In this video, Rod Giltaca talks about Canada’s Magazine Capacity Regulations and the implications on the legal firearms owners in Canada.
Magazine Capacity Regulations
Canada’s regulations are contained in SOR/98-462. The regulations describe what magazines are prohibited in Canada, and therefore carry a serious criminal sentence for possession. The applicable section is pasted below and emphasis on certain a
reas has been added in bold. For the complete regulations, click here.
3 (1) Any cartridge magazine
(a) that is capable of containing more than five cartridges of the type for which the magazine was originally designed and that is designed or manufactured for use in
(i) a semi-automatic handgun that is not commonly available in Canada,
(ii) a semi-automatic firearm other than a semi-automatic handgun,
(iii) an automatic firearm whether or not it has been altered to discharge only one projectile with one pressure of the trigger,
(iv) the firearms of the designs commonly known as the Ingram M10 and M11 pistols, and any variants or modified versions of them, including the Cobray M10 and M11 pistols, the RPB M10, M11 and SM11 pistols and the SWD M10, M11, SM10 and SM11 pistols,
(v) the firearm of the design commonly known as the Partisan Avenger Auto Pistol, and any variant or modified version of it, or
(vi) the firearm of the design commonly known as the UZI pistol, and any variant or modified version of it, including the Micro-UZI pistol; or
(b) that is capable of containing more than 10 cartridges of the type for which the magazine was originally designed and that is designed or manufactured for use in a semi-automatic handgun that is commonly available in Canada.
(2) Paragraph (1)(a) does not include any cartridge magazine that
(a) was originally designed or manufactured for use in a firearm that
(i) is chambered for, or designed to use, rimfire cartridges,
(ii) is a rifle of the type commonly known as the “Lee Enfield” rifle, where the magazine is capable of containing not more than 10 cartridges of the type for which the magazine was originally designed, or
(iii) is commonly known as the U.S. Rifle M1 (Garand) including the Beretta M1 Garand rifle, the Breda M1 Garand rifle and the Springfield Armoury M1 Garand rifle;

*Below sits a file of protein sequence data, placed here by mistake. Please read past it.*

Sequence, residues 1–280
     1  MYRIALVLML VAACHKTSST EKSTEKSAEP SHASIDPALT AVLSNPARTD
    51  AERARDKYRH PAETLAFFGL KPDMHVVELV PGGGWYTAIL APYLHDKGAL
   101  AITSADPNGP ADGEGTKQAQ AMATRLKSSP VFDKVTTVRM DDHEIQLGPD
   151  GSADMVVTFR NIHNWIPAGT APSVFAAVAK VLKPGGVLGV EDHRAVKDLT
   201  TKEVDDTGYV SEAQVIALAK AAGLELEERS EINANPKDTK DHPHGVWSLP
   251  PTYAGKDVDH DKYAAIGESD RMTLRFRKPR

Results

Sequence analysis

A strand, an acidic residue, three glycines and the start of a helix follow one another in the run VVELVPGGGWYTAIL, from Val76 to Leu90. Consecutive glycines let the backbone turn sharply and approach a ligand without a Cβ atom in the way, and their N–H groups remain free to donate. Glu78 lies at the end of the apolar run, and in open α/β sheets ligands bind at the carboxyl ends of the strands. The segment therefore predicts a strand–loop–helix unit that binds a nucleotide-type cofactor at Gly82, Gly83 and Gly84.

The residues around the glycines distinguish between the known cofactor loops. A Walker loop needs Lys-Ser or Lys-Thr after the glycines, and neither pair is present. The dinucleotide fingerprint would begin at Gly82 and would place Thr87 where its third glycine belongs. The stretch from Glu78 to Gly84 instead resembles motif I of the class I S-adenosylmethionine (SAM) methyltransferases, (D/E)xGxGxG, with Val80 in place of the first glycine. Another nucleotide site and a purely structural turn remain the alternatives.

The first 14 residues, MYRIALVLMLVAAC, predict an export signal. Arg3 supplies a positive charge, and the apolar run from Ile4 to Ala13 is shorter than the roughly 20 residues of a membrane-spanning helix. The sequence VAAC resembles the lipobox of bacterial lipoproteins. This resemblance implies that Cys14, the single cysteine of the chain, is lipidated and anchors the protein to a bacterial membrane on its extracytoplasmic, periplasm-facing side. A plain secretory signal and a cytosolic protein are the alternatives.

(b) is not a reproduction and was originally designed or manufactured for use in a firearm that
(i) is commonly known as the Charlton Rifle,
(ii) is commonly known as the Farquhar-Hill Rifle, or
(iii) is commonly known as the Huot Automatic Rifle;
How to make a standard capacity magazine legal?
In Canada, the vast majority of firearm magazines are limited to legal capacity by using a simple rivet. It’s a cost effective solution for legal businesses, importers, and distributors, however, it is not the most “robust” method and a broken rivet can have serious legal consequences for a legal firearms owner. The same regulations that are mentioned above describe what is an acceptable way to limit a magazine’s capacity. The applicable section has been pasted below. For the full text, click here.
(5) For the purposes of subsection (4), altering or re-manufacturing a cartridge magazine includes
(a) the indentation of its casing by forging, casting, swaging or impressing;
(b) in the case of a cartridge magazine with a steel or aluminum casing, the insertion and attachment of a plug, sleeve, rod, pin, flange or similar device, made of steel or aluminum, as the case may be, or of a similar material, to the inner surface of its casing by welding, brazing or any other similar method; or
(c) in the case of a cartridge magazine with a casing made of a material other than steel or aluminum, the attachment of a plug, sleeve, rod, pin, flange or similar device, made of steel or of a material similar to that of the magazine casing, to the inner surface of its casing by welding, brazing or any other similar method or by applying a permanent adhesive substance, such as a cement or an epoxy or other glue.
Criminal Offence for Possession?
Unauthorized possession of prohibited weapon or restricted weapon
(2) Subject to subsection (4), every person commits an offence who possesses a prohibited weapon, a restricted weapon, a prohibited device, other than a replica firearm, or any prohibited ammunition, without being the holder of a licence under which the person may possess it.
(3) Every person who commits an offence under subsection (1) or (2)
(a) is guilty of an indictable offence and liable to imprisonment for a term not exceeding five years; or
(b) is guilty of an offence punishable on summary conviction.
Can Criminals really 3D print a magazine?
In 2013 Wired printed this article: New 3-D Printed Rifle Magazine Lets You Fire Hundreds of Rounds
“The 3-D printing gunsmiths at Defense Distributed are about to release blueprints for an upgraded magazine that won’t degrade even after you fire hundreds of rounds… It’s a new printed magazine for your AR-15 rifle, soon to be available for download, and it holds 30 bullets… Defense Distributed is basically saying that if you’re not going to be allowed to buy larger magazines in the near future, you can print them yourself…”